4. Guilt about others possibly needing you: We are told that to be a good team player we should help each other and be available for each other. That’s true, but everyone you are helping can do better work if they also have time to focus. I can’t tell you how many clients have told me they get more work done when their boss is away. When a team gets intentional about alternating check-in time with focus time, the whole team levels up. Most teams have standing meetings at the beginning of each day, but if you work in a highly collaborative environment, you may choose to do three 15-minute standing check-in meetings each day – just to ask each other questions and report back on things. Or you can check in for five minutes each hour. Use any pattern that gives everyone relief from looking at messages for a solid period of time, while also enabling regular check ins. This intentional synchronization elevates the entire team.

5. Not knowing how to set boundaries and expectations: It’s really difficult for one person to battle against an entire culture of interruption-driven colleagues. It takes energy to drive change, and if you are already struggling to get time to focus, you are probably too overwhelmed to drive organizational change. You do need your colleagues to like working with you and see you as a valuable part of the team, so it’s understandable that you might be reluctant to set a boundary if you don’t know how to do it without coming across as selfish or uncooperative. The best way to communicate is often to be honest but also humble. You could say something like, “I’m trying an experiment to see if I can be more productive and get better work done by focusing deeply with no interruptions for part of the day. I’ve set aside 8am to 11am to focus, but I’m happy to check in with you first thing in the morning to see if you need anything and again right before lunch. Would that work?” Then if someone interrupts you during your focus time, you can say, “I’m tied up / working on finishing something up right now, but can I get back to you at 11am?” Or just, “Can I address this / get this to you right after lunch today?”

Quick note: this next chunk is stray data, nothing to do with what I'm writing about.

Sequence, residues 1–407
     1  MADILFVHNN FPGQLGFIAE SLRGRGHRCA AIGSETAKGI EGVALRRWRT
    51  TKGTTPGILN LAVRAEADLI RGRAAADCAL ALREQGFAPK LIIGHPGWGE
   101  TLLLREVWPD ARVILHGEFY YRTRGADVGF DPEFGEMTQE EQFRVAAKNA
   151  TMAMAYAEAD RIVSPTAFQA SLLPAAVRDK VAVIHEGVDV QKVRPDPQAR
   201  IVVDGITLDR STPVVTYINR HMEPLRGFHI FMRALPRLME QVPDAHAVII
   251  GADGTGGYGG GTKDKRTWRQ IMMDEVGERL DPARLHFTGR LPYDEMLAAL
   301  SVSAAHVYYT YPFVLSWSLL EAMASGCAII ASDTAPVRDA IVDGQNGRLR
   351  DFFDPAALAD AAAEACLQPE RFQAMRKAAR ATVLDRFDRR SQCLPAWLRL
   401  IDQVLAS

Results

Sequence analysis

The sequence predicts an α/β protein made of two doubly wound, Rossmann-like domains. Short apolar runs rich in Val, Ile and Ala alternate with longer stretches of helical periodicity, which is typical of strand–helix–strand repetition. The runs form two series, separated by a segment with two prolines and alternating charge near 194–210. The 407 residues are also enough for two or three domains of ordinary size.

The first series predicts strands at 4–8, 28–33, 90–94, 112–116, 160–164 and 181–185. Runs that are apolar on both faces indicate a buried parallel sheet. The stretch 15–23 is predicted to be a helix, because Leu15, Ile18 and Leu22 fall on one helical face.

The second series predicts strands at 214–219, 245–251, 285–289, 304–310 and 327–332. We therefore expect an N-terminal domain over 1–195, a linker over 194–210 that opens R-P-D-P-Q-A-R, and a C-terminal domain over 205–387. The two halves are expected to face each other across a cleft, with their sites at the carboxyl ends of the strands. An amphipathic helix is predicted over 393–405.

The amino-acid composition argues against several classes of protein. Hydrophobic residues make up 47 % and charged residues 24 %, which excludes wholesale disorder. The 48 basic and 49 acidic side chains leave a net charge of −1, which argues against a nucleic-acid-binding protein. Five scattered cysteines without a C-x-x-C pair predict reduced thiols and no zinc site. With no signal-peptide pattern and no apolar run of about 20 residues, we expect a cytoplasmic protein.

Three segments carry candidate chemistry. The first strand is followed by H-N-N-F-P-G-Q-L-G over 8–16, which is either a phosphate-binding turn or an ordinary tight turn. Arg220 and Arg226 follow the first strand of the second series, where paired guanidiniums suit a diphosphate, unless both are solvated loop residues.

One thing we might forget to consider when trying to make a change to working in a more focused, proactive manner is how it changes our presence.

As you think of people you know, compare your impression of those who are always frantically multi-tasking to your impression of those who seem calm and on top of their work. Think of the difference in credibility and your perception of their competence. What impression you want others to have of you?

Be patient with yourself. If you see the value in producing higher quality work and want to use focus time to improve your productivity, you can definitely get there. I’ve done it myself and worked with many clients who have done it as well. But it does take time, and you should expect to encounter resistance. But with consistent practice, just one step at a time, you’ll notice a significant difference over time. Good luck and don’t hesitate to reach out with questions!